They decided to start a family not long after they were married and the pregnancy went fantastic. No complications. A healthy baby boy was going to bless their lives. The big day arrived and as he was emerging into his new world the Doctor decided to use forceps to help him out. A decision, to this day, no one ever understood.
She and her family now live in San Diego because that is where the best specialists are to help her son live a comfortable life. The doctor, who later was found guilty of malpractice not just in her case but in others, incorrectly used the forceps and caused irreversible damage to her baby boy. All the money they won in court now goes directly to his medical care, and will for the rest of his life.
I think of her often when I see her posting and photos on Facebook. Now that I have children, I wonder what it was like for her to uproot her whole existence and move 3,000 miles away because that was where the best care was for her son. I'm sure it wasn't a hard decision, but it still took a lot of strength and adjustment. I wonder what it is like raising a child who has a hard time holding his head up, sitting up, and is barely able to walk or feed himself. I've never met him, but have heard from friends who still talk to her regularly that he's doing well but will never be on par with other children his age. From what I see in pictures, he has a handsome smile, big bright eyes and a healthy little sister now.
My daughter had to be sedated this week during a minor procedure. She started with a little happy juice, which made her pretty happy and goofy. It made my husband and I laugh when she lost the ability to say certain words out in the waiting room. When she was brought into the operating room the laughter turned to hysterical tears as the sedative wasn't helping her with her anxiety and fear, so they injected her with a stronger sedative.
I watched my funny, giggling, talkative little girl turn into a drooling, speechless, still child who couldn't move her arms in any coordinated way and wasn't able to focus her eyes on any one object. I wanted to scream and take her, running from the room. But from what they had explained, I knew this was normal and she'd be fine when it was all over. I quickly pushed my fears aside and sat quietly while they were doing the procedure.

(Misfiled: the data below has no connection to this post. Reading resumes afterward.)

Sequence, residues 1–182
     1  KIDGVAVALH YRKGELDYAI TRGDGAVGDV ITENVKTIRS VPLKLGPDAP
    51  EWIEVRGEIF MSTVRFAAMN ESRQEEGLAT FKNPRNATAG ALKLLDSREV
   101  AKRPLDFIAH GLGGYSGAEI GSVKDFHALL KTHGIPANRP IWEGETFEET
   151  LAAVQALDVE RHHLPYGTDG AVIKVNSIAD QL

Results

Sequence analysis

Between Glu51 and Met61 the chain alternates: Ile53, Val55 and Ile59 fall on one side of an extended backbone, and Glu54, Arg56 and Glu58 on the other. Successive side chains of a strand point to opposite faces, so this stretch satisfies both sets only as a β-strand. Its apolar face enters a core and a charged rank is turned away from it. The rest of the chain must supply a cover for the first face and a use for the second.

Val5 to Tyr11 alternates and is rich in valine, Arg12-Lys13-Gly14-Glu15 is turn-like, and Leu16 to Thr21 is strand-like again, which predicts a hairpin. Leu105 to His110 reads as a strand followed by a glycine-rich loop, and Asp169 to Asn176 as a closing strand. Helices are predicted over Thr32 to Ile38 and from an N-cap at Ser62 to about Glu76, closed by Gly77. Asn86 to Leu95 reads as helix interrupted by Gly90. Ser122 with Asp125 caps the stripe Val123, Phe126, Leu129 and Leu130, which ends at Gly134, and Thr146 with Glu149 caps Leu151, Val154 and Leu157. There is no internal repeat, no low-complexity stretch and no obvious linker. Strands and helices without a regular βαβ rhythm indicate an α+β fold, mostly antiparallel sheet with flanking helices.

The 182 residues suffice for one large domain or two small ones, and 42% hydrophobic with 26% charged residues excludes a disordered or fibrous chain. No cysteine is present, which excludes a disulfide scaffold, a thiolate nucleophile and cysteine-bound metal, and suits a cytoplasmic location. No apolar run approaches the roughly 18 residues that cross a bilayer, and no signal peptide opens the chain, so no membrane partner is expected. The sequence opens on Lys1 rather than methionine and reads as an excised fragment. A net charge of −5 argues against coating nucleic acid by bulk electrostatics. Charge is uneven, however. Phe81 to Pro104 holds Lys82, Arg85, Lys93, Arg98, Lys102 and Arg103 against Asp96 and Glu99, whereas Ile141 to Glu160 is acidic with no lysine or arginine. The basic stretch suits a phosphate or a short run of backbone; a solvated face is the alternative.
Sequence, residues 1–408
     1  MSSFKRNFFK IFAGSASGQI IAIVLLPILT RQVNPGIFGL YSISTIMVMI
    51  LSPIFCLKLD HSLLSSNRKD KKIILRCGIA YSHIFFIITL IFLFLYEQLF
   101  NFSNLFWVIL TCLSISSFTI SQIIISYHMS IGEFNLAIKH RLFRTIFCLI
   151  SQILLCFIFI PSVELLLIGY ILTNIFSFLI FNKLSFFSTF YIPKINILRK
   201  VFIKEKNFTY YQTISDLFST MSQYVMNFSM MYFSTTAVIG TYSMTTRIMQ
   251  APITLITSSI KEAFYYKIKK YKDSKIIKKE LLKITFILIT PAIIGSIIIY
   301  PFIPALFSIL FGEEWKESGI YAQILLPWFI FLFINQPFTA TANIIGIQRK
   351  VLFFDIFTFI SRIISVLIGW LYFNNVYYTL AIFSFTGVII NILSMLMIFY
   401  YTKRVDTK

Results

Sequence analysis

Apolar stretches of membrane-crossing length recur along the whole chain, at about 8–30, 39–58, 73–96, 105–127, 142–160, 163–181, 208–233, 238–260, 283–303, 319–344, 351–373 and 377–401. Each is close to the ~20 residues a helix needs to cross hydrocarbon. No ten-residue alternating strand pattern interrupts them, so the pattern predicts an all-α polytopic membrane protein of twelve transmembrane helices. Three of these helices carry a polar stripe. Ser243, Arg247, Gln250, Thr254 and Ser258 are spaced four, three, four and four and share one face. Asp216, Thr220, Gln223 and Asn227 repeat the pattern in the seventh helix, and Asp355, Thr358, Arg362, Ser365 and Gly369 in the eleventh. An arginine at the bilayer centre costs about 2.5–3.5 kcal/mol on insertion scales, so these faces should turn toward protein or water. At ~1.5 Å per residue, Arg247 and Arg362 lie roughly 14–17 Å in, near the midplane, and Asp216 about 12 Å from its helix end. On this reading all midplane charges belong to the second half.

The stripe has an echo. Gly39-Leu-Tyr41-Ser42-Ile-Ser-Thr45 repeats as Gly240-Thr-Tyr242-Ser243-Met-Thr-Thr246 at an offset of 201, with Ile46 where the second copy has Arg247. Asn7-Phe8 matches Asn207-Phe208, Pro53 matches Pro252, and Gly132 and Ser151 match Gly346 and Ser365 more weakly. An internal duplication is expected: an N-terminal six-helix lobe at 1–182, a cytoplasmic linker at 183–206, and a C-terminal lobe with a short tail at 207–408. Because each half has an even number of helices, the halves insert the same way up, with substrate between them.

The whole process only took 5 minutes, but the sedative took over 40 minutes to wear off. During those 40 minutes we encouraged her to look at us, held her shoulders to keep her from falling forward and repeatedly told her that it was all over and she was okay.
My God, what if it was like that every day? What if I never experienced her ramblings on about something that happened in the school yard that day; something that only she can comprehend because that's how seven year olds tell their stories? What if she didn't argue with me over eating dinner or putting on her pajamas or going to bed? What if her beautiful smile wasn't a smile at all but only the slightest reaction to my voice or the touch of my hand?
This week I think I understood what it was like to spend 40 minutes with a disabled child. But I knew, unlike that woman from college, that my 40 minutes would come to an end. She has that challenge for a lifetime. Strength comes to those who least expect it, and at times when you need it most. From what I've been told she never thinks about what it would have been like if things were different. But I did this week. And there has been a little extra hugging and a little extra laughing in our household.